There is a great deal to like in this book. I really like how clear and straightforward the writing is -- not even a whif of the the academic obscuritanism that mars so much writing by lefty scholars. With one or two passing moments of exception, the reasoning is very clear and very complete. Even if you don't agree (and I'm not saying I necessarily always do), the clarity and completeness makes it easy to identify where and how you part ways with the book's arguments. I particularly like how generous and thorough the book is as it evaluates different kinds and instances of militancy. The tendency for polarization within and between movements to destroy space for exactly this kind of generosity and thoroughness is one of the key things that I dislike about trying to have meaningful conversation about an issue that has been thus polarized, so I find the enactment of these characteristics in the context of this issue to be even more appealing than I might otherwise.

I also feel quite favourably disposed to the book's framework for evaluating militancy. I'd need to see it taken up in the context of live debates, and see it confronted by folks on the left who reject it, before I make up my mind in a final sort of way, but the framework seems basically sound and like a positive provisional addition to any discussion of this issue. Even aside from the details, what it says and how it says it have the potential to create some space for more productive conversation about the issues. And I have to say that his application of the framework in a wide range of instances manages to capture my gut feelings towards the instances more effectively than either half of the existing polarization, and more effectively than I expected going in -- not perfectly, but pretty darn well. Which on the one hand nudges me towards a greater willingness to integrate the framework into how I think about tactical choices, but on the other hand makes me a little wary, too, about what I might be missing and how my comfort with its conclusions might be pushing me to overlook limitations in the ways it reaches them.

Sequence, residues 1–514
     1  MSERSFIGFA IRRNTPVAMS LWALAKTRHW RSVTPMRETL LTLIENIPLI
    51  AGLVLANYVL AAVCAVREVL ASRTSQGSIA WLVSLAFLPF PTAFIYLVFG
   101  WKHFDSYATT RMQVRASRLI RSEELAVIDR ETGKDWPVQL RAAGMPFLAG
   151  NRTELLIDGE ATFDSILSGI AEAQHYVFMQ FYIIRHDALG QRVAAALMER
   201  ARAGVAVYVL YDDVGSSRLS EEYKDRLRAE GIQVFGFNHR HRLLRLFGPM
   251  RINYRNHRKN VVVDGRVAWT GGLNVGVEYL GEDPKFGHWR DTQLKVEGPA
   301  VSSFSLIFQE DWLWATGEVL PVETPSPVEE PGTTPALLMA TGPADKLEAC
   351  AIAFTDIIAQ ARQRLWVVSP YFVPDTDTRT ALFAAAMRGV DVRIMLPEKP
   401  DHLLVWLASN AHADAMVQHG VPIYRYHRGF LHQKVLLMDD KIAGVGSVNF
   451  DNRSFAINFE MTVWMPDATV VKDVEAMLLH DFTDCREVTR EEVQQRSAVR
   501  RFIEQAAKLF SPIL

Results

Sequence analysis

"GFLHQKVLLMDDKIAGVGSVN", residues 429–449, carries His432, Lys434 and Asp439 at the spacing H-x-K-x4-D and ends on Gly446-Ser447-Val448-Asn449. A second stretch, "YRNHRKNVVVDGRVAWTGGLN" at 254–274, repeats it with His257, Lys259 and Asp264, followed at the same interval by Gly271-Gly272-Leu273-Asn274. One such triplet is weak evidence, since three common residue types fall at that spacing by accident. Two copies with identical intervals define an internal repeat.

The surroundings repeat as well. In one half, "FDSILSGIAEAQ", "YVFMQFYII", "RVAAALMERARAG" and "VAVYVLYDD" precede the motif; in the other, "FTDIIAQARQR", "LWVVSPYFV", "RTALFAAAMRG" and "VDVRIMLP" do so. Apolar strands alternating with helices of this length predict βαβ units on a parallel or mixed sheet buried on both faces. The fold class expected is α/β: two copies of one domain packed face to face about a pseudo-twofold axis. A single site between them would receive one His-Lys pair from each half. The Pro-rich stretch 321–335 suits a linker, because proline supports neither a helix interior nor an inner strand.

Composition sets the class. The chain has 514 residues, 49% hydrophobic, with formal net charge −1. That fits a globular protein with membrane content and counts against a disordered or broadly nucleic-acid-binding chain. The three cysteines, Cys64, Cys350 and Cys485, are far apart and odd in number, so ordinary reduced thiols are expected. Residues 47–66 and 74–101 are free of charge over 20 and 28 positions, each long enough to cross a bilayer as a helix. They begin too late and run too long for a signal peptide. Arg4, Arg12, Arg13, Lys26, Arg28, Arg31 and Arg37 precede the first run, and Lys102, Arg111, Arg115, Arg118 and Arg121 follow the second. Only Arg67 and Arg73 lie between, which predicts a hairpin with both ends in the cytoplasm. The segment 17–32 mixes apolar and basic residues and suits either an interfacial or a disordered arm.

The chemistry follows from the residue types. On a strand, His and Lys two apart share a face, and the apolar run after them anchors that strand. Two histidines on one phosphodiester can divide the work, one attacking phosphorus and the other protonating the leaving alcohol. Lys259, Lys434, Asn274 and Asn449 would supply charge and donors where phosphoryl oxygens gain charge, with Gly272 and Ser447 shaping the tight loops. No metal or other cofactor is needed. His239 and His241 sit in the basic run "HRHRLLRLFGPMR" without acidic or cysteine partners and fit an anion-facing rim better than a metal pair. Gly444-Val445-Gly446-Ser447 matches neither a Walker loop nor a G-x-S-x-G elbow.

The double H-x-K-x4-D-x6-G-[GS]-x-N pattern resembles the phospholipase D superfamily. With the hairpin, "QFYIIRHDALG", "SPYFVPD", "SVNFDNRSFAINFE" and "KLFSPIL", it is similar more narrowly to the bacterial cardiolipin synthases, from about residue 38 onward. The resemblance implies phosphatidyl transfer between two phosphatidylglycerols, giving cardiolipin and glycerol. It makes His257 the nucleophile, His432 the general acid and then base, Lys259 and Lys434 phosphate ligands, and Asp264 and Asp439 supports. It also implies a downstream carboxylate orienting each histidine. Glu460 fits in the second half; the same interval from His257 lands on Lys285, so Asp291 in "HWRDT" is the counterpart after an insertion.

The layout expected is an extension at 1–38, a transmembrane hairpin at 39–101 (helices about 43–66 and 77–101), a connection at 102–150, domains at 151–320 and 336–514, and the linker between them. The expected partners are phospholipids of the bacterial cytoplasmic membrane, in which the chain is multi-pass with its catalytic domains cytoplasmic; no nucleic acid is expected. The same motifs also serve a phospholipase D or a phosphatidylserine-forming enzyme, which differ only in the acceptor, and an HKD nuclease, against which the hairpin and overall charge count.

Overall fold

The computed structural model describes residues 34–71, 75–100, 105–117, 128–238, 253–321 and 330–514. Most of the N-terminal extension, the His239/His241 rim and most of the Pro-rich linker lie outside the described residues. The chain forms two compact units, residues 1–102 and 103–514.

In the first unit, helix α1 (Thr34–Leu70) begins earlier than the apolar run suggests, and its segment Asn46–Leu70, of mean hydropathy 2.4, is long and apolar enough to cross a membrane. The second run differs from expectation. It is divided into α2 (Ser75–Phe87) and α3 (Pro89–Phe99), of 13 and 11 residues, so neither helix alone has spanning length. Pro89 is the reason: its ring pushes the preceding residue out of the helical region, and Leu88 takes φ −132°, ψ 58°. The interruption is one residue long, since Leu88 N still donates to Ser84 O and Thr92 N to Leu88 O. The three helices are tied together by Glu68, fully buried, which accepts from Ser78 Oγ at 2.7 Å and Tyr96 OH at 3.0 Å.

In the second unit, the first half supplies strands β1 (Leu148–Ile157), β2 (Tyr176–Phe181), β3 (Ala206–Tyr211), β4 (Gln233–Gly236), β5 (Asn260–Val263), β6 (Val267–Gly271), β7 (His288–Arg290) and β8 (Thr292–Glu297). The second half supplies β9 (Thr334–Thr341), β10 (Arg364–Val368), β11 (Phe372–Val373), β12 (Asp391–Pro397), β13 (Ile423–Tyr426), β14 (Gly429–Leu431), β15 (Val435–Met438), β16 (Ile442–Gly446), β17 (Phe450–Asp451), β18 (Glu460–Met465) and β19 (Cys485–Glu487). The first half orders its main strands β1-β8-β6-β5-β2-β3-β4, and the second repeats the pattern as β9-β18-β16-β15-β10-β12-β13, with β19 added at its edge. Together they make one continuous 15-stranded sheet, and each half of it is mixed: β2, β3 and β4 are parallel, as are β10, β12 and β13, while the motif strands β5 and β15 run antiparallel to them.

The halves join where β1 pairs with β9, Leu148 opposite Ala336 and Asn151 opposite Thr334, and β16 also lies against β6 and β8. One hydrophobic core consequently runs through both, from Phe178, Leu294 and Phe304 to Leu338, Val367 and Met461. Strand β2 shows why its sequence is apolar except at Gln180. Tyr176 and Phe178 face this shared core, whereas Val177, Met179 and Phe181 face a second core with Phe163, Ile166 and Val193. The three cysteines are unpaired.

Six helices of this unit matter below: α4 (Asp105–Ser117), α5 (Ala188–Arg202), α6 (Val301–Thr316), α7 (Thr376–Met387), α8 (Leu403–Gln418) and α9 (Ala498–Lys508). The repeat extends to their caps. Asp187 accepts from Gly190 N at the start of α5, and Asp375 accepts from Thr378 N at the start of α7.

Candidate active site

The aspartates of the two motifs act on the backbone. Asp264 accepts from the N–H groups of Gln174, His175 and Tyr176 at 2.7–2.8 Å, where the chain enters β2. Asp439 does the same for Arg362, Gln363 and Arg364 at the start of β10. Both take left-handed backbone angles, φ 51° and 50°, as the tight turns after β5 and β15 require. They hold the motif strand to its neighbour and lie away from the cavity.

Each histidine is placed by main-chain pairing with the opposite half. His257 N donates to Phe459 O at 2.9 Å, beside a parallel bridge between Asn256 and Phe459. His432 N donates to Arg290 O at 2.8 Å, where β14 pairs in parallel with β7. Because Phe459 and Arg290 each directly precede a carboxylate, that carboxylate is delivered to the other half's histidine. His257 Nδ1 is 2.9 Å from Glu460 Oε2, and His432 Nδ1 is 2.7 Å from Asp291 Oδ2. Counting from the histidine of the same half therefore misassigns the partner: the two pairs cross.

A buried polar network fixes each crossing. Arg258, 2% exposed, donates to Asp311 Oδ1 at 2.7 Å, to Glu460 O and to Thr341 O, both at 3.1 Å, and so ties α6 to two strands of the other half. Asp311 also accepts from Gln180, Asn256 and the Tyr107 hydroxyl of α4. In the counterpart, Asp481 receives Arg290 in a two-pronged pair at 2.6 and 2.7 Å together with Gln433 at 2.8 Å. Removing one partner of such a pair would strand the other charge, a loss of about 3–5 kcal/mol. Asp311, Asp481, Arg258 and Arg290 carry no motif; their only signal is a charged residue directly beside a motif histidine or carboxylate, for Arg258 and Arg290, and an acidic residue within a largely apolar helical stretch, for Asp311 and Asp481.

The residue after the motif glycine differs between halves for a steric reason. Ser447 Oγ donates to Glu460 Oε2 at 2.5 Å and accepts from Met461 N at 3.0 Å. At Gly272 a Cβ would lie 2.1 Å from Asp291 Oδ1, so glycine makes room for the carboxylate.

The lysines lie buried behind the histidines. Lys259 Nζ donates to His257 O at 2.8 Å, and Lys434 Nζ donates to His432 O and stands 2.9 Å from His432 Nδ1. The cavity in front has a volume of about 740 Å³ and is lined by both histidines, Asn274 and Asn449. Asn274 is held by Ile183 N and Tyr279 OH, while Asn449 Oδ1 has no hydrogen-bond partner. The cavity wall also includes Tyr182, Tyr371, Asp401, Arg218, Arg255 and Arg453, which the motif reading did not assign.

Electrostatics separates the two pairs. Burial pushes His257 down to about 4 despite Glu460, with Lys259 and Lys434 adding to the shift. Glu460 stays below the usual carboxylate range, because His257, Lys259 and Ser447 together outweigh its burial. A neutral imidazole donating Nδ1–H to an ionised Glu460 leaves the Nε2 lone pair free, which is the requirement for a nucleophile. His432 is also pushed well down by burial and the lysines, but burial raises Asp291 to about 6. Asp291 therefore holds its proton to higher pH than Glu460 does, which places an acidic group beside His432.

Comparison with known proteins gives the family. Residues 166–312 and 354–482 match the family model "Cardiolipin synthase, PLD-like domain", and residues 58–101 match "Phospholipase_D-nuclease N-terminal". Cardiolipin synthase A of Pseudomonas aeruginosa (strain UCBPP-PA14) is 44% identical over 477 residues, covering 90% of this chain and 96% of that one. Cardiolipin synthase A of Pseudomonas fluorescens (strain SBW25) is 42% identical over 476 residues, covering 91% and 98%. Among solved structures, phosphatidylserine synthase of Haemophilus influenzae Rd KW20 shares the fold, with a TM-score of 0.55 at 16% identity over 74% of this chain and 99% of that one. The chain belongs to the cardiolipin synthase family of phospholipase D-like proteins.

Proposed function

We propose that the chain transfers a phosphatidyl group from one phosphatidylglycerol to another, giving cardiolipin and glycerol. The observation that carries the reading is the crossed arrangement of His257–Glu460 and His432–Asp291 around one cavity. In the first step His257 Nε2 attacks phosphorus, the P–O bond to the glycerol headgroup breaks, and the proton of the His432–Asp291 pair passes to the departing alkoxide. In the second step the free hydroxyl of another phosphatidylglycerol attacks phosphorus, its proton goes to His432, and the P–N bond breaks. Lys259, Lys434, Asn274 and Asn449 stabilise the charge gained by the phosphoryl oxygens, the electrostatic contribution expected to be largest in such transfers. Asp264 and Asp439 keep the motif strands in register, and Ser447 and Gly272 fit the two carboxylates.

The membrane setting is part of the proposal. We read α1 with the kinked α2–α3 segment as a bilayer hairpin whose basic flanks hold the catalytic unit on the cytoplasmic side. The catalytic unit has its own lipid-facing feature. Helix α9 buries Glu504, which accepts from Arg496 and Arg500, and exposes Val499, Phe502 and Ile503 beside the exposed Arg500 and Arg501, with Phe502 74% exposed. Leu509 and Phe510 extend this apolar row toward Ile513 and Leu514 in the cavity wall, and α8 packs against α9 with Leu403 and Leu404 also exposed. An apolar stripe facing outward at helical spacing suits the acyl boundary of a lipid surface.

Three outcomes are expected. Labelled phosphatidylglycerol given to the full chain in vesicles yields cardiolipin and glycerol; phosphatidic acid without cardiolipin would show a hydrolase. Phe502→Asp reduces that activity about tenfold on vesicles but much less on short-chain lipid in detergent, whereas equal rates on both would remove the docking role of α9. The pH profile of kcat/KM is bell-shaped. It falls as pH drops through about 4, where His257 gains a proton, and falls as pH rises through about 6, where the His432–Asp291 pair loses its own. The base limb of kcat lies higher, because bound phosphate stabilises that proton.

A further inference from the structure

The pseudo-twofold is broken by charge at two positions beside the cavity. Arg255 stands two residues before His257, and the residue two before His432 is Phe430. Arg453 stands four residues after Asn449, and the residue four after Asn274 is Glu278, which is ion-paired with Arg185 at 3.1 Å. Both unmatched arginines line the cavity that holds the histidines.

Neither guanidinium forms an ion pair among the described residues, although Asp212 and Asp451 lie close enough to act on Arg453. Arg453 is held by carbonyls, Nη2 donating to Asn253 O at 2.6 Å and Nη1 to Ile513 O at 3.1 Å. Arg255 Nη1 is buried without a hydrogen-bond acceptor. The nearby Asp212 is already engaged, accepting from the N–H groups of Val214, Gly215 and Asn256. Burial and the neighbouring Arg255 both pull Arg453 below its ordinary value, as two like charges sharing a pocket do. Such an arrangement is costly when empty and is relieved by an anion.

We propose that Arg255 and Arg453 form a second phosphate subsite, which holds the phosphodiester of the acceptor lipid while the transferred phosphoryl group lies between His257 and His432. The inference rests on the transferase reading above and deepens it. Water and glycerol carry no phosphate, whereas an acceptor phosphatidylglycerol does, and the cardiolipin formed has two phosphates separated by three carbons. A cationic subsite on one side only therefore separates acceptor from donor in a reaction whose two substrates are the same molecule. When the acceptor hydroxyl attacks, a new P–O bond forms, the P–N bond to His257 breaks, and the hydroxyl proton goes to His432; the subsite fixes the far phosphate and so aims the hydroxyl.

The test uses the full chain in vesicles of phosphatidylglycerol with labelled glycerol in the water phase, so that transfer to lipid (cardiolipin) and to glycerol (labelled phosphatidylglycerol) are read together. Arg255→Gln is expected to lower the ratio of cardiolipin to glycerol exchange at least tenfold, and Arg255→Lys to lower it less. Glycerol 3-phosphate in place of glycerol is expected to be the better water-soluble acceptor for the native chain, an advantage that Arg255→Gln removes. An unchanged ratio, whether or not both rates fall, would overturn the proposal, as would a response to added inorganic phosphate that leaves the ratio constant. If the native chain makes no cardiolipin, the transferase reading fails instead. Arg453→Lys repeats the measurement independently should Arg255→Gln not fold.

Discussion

While the book makes some important contributions in terms of ideas for evaluating militancy, it's important to recognize that it doesn't get into the practices through which we might collectively do so. That's not a failing or a deficiency, it's just not the book's project. But I think for those of us who are interested in taking its ideas out into the world, it's something we really need to think about. The idealized public square with its capacity for the free and equal exchange of ideas leading to a collective resolution is no more a reality within and between movements than it is in society as a whole. So I think part of taking seriously the principles of autonomy and democracy and accountability underlying the framework for evaluating militancy in this book must involve committing to building the practices and relationships and social forms that will allow us to realize those principles in our movements and communities. I can't help but think that the current predominance of "diversity of tactics" in rad circles in North America is connected with the dominance of neoliberalism in the broader society. And I don't mean that in the way that sometimes rad folks use "neoliberal" as a perjorative against other rad folks who are navigating a tough environment in ways they disapprove of, but rather as a recognition that maybe the kind of fragmentation within movements that diversity of tactics attempts to respond to is not a sign of some sort of political-slash-moral failing but just a predictable consequence of an increasingly fragmented and atomized society -- sometimes, putting up with each other despite some major differences and allowing our fragmented splinters to focus on the common enemy rather than devouring each other probably is the best we can do. But in the longer term, wouldn't it be great if we could build across differences in perspective and differences in social power to something beyond that? The tools in this book are an important contribution to evaluating militancy as our movements and communities-in-struggle make decisions. But it is new practices, relations, and social forms for working together that will enable us to actually make those decisions in meaningful ways in the course of struggle.

[For a list of all book reviews on this site, click here.]

1 comment:

Cadieux et Langevin said...

Languages of the Unheard illuminates a fundamental truth far too many of those who flatter themselves to believe they inhabit democratic societies wish at all costs to avoid: those who refuse by all necessary means to be silenced are the essential ingredient of democracy, while those who seek to repress them comprise its very antithesis.